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Countering the Threat of Improvised Explosive Devices: Basic Research Opportunities - Abbreviated Version THE NATIONAL ACADEMIES Advisers to the Nation on Science, Engineering, and Medicine The National Academy of Sciences is a private, nonprofit, self-perpetuating society of distinguished scholars engaged in scientific and engineering research, dedicated to the furtherance of science and technology and to their use for the general welfare. Upon the authority of the charter granted to it by the Congress in 1863, the Academy has a mandate that requires it to advise the federal government on scientific and technical matters. Dr. Ralph J. Cicerone is president of the National Academy of Sciences. The National Academy of Engineering was established in 1964, under the charter of the National Academy of Sciences, as a parallel organization of outstanding engineers. It is autonomous in its administration and in the selection of its members, sharing with the National Academy of Sciences the responsibility for advising the federal government. The National Academy of Engineering also sponsors engineering programs aimed at meeting national needs, encourages education and research, and recognizes the superior achievements of engineers. Dr. Charles M. Vest is president of the National Academy of Engineering. The Institute of Medicine was established in 1970 by the National Academy of Sciences to secure the services of eminent members of appropriate professions in the examination of policy matters pertaining to the health of the public. The Institute acts under the responsibility given to the National Academy of Sciences by its congressional charter to be an adviser to the federal government and, upon its own initiative, to identify issues of medical care, research, and education. Dr. Harvey V. Fineberg is president of the Institute of Medicine. The National Research Council was organized by the National Academy of Sciences in 1916 to associate the broad community of science and technology with the Academy’s purposes of furthering knowledge and advising the federal government. Functioning in accordance with general policies determined by the Academy, the Council has become the principal operating agency of both the National Academy of Sciences and the National Academy of Engineering in providing services to the government, the public, and the scientific and engineering communities. The Council is administered jointly by both Academies and the Institute of Medicine. Dr. Ralph J. Cicerone and Dr. Charles M. Vest are chair and vice chair, respectively, of the National Research Council. www.national-academies.org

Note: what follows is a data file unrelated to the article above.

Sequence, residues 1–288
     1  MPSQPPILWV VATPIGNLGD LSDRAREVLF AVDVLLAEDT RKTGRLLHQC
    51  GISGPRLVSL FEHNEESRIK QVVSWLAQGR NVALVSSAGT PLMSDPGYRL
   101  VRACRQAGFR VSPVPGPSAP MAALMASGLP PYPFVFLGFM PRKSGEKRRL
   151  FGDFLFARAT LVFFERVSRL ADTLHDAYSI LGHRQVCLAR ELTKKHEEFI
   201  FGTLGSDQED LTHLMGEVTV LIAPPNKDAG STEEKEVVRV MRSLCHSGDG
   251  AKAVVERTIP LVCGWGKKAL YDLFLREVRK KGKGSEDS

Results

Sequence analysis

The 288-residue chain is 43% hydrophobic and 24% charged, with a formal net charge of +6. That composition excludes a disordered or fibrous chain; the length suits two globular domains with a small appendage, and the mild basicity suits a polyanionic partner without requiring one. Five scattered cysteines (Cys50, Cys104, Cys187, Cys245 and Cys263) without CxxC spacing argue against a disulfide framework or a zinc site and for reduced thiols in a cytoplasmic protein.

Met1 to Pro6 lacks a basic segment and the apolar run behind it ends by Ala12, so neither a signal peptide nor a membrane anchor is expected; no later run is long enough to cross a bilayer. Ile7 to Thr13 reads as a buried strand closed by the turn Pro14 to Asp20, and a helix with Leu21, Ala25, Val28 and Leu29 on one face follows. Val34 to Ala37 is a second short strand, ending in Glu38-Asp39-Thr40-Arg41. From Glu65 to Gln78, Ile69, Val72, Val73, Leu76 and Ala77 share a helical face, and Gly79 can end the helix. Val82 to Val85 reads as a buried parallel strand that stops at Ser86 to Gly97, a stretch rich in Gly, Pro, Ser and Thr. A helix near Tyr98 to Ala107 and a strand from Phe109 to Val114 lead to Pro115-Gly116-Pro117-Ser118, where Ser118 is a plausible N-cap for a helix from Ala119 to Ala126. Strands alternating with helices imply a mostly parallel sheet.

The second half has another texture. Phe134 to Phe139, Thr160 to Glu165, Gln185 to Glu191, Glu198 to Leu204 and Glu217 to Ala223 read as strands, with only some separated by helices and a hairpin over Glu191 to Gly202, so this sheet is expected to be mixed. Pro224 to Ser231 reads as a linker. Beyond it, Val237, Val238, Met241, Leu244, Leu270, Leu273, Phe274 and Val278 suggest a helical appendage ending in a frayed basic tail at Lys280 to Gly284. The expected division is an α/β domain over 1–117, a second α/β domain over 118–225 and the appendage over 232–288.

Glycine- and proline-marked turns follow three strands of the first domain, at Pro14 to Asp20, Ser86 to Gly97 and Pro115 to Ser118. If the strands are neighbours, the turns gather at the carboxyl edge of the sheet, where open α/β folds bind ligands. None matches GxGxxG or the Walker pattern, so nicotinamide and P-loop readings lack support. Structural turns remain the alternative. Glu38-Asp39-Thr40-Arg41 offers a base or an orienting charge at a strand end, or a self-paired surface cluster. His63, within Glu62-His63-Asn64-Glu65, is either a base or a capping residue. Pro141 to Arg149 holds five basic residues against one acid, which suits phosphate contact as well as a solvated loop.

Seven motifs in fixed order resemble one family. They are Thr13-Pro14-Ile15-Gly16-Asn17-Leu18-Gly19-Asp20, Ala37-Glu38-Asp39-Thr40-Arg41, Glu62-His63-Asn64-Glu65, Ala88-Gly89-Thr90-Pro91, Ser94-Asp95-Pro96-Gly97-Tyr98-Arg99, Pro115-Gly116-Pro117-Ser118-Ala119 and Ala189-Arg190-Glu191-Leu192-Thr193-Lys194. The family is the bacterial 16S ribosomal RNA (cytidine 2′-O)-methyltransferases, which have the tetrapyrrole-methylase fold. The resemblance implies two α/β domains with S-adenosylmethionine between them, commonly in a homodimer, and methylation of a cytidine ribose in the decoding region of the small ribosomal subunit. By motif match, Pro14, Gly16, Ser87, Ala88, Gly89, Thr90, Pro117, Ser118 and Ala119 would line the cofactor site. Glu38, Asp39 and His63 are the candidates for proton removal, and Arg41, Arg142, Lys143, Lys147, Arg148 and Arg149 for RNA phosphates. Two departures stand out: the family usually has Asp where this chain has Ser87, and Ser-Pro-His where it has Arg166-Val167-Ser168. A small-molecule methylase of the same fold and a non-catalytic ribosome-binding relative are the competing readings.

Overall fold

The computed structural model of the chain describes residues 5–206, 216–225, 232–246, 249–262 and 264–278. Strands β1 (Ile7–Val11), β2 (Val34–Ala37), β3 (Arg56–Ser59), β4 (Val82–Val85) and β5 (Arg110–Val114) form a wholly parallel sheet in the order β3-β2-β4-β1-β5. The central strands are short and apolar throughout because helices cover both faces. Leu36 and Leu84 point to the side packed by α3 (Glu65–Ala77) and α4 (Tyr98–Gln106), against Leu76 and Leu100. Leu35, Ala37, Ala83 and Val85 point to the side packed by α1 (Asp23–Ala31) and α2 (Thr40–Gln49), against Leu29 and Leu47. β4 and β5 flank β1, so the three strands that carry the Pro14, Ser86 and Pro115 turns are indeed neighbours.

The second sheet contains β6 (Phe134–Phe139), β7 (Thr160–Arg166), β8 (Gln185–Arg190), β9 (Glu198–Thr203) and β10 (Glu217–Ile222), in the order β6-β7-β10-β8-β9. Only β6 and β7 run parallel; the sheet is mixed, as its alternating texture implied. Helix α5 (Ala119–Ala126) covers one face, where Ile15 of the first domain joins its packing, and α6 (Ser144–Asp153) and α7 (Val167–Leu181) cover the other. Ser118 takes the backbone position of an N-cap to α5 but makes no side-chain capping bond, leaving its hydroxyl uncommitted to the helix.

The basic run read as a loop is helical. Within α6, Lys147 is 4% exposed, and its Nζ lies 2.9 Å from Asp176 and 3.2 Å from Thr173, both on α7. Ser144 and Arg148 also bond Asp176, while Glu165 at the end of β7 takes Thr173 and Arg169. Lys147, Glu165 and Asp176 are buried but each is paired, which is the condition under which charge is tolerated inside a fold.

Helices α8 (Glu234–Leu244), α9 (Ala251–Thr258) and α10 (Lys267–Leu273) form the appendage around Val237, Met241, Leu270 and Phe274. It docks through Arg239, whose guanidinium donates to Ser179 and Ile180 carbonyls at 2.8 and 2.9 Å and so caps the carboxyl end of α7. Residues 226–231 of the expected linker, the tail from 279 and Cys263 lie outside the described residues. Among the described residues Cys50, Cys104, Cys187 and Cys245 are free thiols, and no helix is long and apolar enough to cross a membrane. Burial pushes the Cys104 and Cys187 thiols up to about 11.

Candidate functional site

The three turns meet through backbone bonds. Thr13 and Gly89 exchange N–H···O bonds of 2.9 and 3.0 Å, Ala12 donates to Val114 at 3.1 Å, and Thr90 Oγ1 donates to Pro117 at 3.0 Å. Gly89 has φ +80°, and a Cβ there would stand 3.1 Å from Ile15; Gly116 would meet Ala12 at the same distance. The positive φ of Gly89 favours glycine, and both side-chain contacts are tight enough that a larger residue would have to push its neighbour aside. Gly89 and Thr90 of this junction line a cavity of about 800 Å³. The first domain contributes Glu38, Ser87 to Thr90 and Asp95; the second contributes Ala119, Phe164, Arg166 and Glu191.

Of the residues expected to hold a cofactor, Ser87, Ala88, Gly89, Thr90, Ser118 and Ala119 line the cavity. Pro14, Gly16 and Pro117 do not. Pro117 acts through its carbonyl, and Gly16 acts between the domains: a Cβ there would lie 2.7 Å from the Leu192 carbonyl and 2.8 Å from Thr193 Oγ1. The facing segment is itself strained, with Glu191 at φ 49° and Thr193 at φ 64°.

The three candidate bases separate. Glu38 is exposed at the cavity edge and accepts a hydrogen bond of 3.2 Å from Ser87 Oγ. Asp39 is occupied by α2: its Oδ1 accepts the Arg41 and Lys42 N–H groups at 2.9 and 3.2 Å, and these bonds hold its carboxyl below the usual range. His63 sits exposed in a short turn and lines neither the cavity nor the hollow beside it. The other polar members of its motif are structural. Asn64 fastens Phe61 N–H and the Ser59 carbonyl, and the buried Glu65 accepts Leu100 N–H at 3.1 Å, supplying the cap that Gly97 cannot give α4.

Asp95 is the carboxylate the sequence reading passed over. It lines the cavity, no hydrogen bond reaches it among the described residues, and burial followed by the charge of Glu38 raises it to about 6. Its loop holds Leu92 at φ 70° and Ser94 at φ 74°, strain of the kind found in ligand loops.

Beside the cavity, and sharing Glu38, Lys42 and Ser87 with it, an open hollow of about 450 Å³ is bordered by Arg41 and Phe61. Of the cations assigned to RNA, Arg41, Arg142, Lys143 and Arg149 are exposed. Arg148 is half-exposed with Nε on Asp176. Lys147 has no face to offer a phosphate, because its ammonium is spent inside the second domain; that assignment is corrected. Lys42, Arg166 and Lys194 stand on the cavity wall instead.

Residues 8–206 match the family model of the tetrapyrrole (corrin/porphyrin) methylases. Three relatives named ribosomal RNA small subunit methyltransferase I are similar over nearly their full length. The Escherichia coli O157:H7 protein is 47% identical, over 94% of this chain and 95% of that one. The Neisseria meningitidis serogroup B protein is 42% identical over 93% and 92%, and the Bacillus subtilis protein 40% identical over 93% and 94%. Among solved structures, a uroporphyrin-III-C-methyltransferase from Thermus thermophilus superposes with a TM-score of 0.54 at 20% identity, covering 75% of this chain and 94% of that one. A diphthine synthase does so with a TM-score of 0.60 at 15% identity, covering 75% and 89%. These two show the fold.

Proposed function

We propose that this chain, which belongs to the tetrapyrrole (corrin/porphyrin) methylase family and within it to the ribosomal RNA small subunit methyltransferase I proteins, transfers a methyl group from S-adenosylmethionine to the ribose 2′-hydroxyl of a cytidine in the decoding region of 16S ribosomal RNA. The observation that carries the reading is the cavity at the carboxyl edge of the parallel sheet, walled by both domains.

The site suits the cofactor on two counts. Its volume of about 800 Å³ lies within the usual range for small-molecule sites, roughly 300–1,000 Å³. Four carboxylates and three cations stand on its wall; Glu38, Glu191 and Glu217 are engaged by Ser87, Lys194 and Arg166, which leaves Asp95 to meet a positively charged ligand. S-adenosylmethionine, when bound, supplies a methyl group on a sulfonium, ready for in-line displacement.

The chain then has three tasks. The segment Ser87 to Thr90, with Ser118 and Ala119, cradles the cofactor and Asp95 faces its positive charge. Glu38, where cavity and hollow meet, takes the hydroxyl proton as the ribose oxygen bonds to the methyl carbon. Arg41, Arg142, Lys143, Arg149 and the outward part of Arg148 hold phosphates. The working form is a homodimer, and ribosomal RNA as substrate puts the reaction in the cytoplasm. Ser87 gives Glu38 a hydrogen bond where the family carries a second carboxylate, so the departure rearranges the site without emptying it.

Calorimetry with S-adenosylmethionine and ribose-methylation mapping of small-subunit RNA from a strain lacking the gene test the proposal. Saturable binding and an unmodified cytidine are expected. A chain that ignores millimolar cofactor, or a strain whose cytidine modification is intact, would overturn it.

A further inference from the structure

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Countering the Threat of Improvised Explosive Devices: Basic Research Opportunities - Abbreviated Version COMMITTEE ON DEFEATING IMPROVISED EXPLOSIVE DEVICES: BASIC RESEARCH TO INTERRUPT THE IED DELIVERY CHAIN Chairperson JOHN L. ANDERSON, Case Western Reserve University, Cleveland, OH Members ALAN BERMAN, Independent Consultant, Alexandria, VA CHARLES A. BOUMAN, Purdue University, West Lafayette, IN WILLIAM F. BRINKMAN, Princeton University, Princeton, NJ MARTHA CRENSHAW, Wesleyan University, Middleton, CT MARY LOU FULTZ, US Postal Inspection Service, Dulles, VA WILLIAM J. HURLEY, Institute for Defense Analyses, Alexandria, VA ANIL K. JAIN, Michigan State University, East Lansing HARRY W. JENKINS, Independent Consultant, Gainesville, VA EDWARD H. KAPLAN, Yale University, New Haven, CT ALEXANDER MACLACHLAN, Independent Consultant, Wilmington, DE ANDREW W. MOORE, Google, Inc., Pittsburgh, PA JIMMIE C. OXLEY, University of Rhode Island, Kingston AMY SANDS, Monterey Institute for International Studies, Monterey, CA JOSEPH E. SHEPHERD, California Institute of Technology, Pasadena WILLIAM C. TROGLER, University of California, San Diego, La Jolla JONATHAN YOUNG, Pacific Northwest National Laboratory, Richland, WA Staff FEDERICO M. SAN MARTINI, Associate Program Officer, Study Director DOROTHY ZOLANDZ, Director, Board on Chemical Sciences and Technology CHARLES F. DRAPER, Director, Naval Studies Board MARY G. GORDON, Information Officer IAN M. CAMERON, Research Associate DAVID C. RASMUSSEN, Senior Program Assistant (through November 10, 2006) SCOTT B. ROWAN, Christine Mirzayan Graduate Fellow (through June 9, 2006) RAYMOND W. WIDMAYER, Consultant, Naval Studies Board NORMAN GROSSBLATT, Senior Editor